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Photo of Kilroy Goes Wild by Eddie DiBono; all others by Lois Stavsky

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Michael Cuomo

Working with discarded objects he finds on the streets, Bronx-native Michael Cuomo has been busily creating an alternate universe.  Central to his cosmos are dozens of masks that he displays in a range of public spaces, engaging curious passersby of all ages.  We joined Michael this past Sunday up near Yankee Stadium.

You do magical things with what others have discarded.  When did it all begin?

The idea of working with found objects came to me after I took a three-hour class in “drawing with wire” at Bronx Community College back in 2006. I made my first masks with wire. And as I’d always been drawn to objects that others deem useless, I began to search for these objects and gradually incorporate them into my masks.

You certainly have some strange objects integrated into these masks – from car parts to broken toys to old hats. How do you manage to get hold of such a variety?

I find most of them on the streets, and recently friends and neighbors have begun giving me “donations.”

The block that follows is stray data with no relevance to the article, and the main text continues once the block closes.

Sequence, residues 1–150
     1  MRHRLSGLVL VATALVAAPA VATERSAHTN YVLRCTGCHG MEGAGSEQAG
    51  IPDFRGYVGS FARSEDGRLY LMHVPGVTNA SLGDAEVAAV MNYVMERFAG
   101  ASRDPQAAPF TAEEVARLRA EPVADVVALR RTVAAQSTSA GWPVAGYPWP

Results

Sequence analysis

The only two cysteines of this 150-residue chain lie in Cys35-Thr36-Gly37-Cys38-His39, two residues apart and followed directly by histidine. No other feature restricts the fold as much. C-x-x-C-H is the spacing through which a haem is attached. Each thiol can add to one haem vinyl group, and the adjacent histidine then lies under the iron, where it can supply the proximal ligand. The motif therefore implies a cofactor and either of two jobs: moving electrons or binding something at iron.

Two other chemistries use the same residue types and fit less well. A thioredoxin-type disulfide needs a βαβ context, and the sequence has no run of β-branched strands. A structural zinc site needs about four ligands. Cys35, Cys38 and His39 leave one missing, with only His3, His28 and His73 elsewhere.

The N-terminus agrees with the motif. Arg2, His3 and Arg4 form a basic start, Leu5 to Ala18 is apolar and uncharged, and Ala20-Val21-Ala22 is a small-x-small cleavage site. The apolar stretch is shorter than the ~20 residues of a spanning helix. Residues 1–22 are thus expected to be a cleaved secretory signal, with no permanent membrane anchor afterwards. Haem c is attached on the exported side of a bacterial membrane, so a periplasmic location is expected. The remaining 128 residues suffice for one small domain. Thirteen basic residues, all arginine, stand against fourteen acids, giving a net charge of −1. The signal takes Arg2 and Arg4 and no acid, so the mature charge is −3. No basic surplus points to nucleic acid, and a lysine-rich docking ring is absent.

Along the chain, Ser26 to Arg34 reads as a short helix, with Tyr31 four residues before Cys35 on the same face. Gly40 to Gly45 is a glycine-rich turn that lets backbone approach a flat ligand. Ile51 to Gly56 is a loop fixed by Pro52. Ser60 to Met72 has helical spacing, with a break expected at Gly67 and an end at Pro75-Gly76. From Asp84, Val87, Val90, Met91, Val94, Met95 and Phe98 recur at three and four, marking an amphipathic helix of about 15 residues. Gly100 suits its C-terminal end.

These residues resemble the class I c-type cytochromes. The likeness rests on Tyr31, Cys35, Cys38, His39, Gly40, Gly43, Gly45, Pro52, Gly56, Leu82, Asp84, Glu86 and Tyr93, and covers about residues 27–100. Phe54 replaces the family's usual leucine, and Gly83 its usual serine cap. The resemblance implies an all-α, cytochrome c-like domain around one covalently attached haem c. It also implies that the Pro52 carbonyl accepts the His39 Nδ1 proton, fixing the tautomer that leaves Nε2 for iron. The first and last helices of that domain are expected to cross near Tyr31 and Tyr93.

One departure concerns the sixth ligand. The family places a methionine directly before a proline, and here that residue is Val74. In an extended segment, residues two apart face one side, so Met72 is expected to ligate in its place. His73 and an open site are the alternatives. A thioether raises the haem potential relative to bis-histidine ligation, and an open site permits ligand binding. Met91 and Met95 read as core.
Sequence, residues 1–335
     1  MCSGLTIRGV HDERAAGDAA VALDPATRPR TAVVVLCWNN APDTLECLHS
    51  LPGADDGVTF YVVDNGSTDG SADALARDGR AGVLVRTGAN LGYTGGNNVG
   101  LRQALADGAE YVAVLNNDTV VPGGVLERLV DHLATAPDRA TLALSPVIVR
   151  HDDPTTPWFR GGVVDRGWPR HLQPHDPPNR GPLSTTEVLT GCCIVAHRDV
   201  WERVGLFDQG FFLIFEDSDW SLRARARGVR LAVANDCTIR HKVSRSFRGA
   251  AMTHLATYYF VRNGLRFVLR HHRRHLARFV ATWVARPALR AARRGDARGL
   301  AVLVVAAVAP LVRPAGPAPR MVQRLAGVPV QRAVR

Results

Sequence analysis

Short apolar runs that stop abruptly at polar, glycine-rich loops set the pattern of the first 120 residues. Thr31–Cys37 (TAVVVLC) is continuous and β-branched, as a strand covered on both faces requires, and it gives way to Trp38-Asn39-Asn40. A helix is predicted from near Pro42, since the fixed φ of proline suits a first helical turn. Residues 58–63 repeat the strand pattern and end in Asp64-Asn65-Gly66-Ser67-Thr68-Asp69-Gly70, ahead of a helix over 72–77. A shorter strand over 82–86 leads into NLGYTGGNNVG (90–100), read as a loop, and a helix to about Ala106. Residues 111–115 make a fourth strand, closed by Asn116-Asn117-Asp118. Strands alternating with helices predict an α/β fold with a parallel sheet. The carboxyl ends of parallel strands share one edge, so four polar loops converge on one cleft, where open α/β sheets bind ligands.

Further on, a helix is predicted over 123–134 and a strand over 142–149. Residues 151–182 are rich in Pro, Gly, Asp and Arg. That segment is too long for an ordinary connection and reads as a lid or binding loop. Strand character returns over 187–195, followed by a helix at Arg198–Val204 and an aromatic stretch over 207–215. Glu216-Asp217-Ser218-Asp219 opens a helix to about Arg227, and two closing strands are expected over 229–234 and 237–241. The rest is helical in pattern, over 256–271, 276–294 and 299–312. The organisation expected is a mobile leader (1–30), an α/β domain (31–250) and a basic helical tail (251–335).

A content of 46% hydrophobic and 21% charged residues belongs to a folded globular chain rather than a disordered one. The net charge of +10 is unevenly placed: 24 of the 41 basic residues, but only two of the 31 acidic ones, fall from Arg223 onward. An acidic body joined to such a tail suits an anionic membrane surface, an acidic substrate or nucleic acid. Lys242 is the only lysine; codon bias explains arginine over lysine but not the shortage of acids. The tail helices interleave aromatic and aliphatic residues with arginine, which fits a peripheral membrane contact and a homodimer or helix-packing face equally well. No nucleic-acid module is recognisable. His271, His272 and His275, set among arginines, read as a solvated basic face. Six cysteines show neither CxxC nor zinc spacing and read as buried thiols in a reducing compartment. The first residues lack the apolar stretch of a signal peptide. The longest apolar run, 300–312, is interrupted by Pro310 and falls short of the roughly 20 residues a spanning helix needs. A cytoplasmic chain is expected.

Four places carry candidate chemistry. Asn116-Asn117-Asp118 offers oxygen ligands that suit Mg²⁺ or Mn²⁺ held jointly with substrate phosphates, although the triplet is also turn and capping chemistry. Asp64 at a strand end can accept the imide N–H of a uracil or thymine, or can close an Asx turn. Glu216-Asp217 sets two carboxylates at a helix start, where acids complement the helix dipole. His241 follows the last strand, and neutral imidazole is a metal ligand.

Michael Cuomo

When recycling these materials into masks, do you work with a defined concept of the final product?

Never.  It’s an organic process. When the mask is finished, it tells me so.  I have dozens of sketchbooks and constantly draw, but I don’t consciously work from my sketches.

What engages you about recycling and working with found objects?

It reminds me that we are all one on this planet.  The objects that I find help connect me with others – their original owners and our anscestors. I also feel that by recycling I am – in some small way – helping our planet.

Why have you decided to share your masks with the public out here on the streets?

It’s the best way for me to connect with the people. My art is “for the people” and “by the people.”  When strangers see my art and engage with it, they break the monotony of their daily lives. I also like the dialog that it spurs.

Michael Cuomo mask

Where have you displayed your masks?

I’ve shared them in quite a few public spaces. On 110th Street in East Harlem…in front of the Hayden Planetarium on the Upper West Side…on the 6 train.

What about galleries?

I’ve exhibited them at NYU, Gallery 69, at the Longwood Art Gallery up here in the Bronx, and I have a show coming up later this spring in New Rochelle.

How does your family feel about what you are doing?

They like it, but I can’t say they embrace it!

Michael Cuomo

What do you see as the role of the artist in society?

I see the artist’s role as a transformative one. Art enlightens. My art is an extension of the hip-hop movement that was born here in the Bronx. It is all about empowerment and change.

What’s ahead?

My artworks will continue to evolve and — eventually — will travel the world.

Photos by Lois Stavsky